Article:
In Ramban's Introduction to the book of Job, he notes that only in the opening two chapters of the book and in this final section of the work does the "essential name of God", HASHEM, the Tetragrammaton, appear, while throughout the main body of the work, in all the speeches of Job and his companions including Eli-hu, He is called by other names such as E-L, ELO-AH and SHA-DAI. (Out of respect, these are pronounced respectively as KEIL, ELOKAH and SHAKKAI except when used in prayer or when reciting as opposed to merely quoting of the Hebrew Biblical text). The work begins and ends with the absolute unity of God, who rules over all with complete justice, but in the quest of Job and his companions for answers in the main body of the text, they invoke the different attributes of God as expressed in His various other names.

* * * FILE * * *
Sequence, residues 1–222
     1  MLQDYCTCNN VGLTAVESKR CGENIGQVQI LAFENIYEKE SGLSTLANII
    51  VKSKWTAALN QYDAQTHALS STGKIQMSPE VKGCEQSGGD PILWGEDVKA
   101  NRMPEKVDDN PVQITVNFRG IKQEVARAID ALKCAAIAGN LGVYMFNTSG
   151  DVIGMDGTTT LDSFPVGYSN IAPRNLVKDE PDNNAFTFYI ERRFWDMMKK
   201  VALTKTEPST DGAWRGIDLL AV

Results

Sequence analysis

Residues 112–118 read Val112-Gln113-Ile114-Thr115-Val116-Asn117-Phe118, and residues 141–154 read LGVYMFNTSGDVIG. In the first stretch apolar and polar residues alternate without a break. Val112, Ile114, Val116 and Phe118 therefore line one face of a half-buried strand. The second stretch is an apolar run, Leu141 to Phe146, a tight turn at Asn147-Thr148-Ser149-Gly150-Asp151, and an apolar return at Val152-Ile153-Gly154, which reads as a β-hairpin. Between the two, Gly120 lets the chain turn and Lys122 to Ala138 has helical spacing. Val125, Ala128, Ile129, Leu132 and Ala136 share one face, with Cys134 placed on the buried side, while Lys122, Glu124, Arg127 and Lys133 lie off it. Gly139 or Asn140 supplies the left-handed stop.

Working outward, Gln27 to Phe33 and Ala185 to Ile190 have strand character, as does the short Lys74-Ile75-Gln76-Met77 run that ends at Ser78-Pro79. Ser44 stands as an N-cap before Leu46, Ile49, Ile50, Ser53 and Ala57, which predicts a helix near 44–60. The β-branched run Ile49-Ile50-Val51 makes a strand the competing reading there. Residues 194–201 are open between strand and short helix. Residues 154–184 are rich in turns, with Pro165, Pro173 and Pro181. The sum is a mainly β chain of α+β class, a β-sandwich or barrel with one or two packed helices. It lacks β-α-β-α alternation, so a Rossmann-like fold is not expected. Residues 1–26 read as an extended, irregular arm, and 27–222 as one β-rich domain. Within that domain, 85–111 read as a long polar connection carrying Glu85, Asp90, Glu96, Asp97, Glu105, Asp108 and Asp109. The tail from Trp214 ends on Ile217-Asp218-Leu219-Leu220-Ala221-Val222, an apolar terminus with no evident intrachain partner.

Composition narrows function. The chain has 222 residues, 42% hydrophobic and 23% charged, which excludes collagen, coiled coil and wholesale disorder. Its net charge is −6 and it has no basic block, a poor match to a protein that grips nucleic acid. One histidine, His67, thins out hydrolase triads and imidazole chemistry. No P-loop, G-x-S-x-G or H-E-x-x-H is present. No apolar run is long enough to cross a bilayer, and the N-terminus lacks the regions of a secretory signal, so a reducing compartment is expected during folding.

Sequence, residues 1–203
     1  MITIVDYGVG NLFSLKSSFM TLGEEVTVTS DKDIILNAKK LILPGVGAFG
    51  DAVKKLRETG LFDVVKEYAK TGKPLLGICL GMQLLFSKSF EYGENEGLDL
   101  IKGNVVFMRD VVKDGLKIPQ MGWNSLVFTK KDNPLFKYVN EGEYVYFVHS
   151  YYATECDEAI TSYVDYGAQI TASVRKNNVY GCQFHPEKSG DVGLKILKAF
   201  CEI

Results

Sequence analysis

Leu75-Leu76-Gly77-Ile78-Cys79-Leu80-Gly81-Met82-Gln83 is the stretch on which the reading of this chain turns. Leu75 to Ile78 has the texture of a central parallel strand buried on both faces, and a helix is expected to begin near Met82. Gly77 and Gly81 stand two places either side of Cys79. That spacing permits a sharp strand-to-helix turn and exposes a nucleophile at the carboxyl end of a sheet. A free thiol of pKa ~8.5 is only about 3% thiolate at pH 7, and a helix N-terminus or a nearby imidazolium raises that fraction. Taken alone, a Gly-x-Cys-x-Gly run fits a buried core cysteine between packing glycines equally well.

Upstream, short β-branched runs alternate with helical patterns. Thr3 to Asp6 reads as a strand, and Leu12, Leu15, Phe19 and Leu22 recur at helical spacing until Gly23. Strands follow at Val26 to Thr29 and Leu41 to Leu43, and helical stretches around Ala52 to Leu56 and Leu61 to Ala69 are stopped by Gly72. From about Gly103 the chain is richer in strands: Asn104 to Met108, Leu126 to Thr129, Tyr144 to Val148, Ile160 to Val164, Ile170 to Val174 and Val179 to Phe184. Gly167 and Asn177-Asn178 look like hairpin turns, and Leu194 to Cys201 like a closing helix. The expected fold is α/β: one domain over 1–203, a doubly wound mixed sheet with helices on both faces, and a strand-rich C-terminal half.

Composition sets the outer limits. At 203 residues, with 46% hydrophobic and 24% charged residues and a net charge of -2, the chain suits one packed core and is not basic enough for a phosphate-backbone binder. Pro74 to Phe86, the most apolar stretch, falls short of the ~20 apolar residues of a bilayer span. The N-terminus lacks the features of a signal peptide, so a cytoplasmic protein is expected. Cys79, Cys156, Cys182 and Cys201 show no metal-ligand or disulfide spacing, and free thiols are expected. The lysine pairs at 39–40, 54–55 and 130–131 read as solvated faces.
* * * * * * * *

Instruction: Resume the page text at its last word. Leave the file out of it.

The Talmud teaches: "Rabbah said, Job blasphemed with a storm wind (see Job 9:17) and He answered him with a storm wind. Job said to Him, Perhaps a storm wind passed before you and you mixed up EEYOV (Job) and OIYEV ("enemy"). And He answered him with a storm wind (SE'ARAH). He said to him, I have created many hairs (SE'ARAH="hair") in man and for each hair I created its own follicle so that no two hairs should suck energy from one and the same follicle, because if two were to draw from one follicle they would darken the light of man's eyes. I do not mix up one follicle with another - how much less would I mix up EEYOV and OIYEV!" (Bava Basra 16a).